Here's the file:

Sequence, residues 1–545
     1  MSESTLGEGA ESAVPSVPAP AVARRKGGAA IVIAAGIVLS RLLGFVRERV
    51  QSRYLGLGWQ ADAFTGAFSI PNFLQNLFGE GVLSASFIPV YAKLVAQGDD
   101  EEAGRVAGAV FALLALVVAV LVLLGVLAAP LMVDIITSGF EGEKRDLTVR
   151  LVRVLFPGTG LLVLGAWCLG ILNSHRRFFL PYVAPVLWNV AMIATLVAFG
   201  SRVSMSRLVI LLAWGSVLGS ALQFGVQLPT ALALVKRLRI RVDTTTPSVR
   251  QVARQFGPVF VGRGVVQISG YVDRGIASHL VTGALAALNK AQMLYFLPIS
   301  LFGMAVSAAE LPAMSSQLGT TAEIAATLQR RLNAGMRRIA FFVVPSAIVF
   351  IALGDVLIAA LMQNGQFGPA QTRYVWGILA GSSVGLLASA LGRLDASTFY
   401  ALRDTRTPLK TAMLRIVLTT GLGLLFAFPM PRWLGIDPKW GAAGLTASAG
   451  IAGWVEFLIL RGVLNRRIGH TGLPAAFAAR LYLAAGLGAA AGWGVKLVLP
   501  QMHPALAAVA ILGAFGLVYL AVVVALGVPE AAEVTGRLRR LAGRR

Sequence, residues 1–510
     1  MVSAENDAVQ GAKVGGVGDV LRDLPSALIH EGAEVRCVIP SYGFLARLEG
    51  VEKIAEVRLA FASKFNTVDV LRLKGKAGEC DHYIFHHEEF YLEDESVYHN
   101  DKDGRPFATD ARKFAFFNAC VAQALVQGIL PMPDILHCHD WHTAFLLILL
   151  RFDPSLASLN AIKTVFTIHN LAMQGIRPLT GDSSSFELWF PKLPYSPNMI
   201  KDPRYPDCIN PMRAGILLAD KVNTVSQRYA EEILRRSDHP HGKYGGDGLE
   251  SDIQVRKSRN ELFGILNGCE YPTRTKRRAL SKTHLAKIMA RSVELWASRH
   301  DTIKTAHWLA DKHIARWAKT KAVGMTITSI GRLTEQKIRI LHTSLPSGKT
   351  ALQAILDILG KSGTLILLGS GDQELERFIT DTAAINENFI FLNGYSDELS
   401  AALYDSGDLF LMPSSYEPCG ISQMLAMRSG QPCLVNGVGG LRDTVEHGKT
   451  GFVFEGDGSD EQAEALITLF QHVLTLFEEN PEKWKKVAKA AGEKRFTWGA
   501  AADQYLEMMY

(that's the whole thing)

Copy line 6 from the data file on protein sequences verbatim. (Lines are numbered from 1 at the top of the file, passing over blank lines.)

   201  SRVSMSRLVI LLAWGSVLGS ALQFGVQLPT ALALVKRLRI RVDTTTPSVR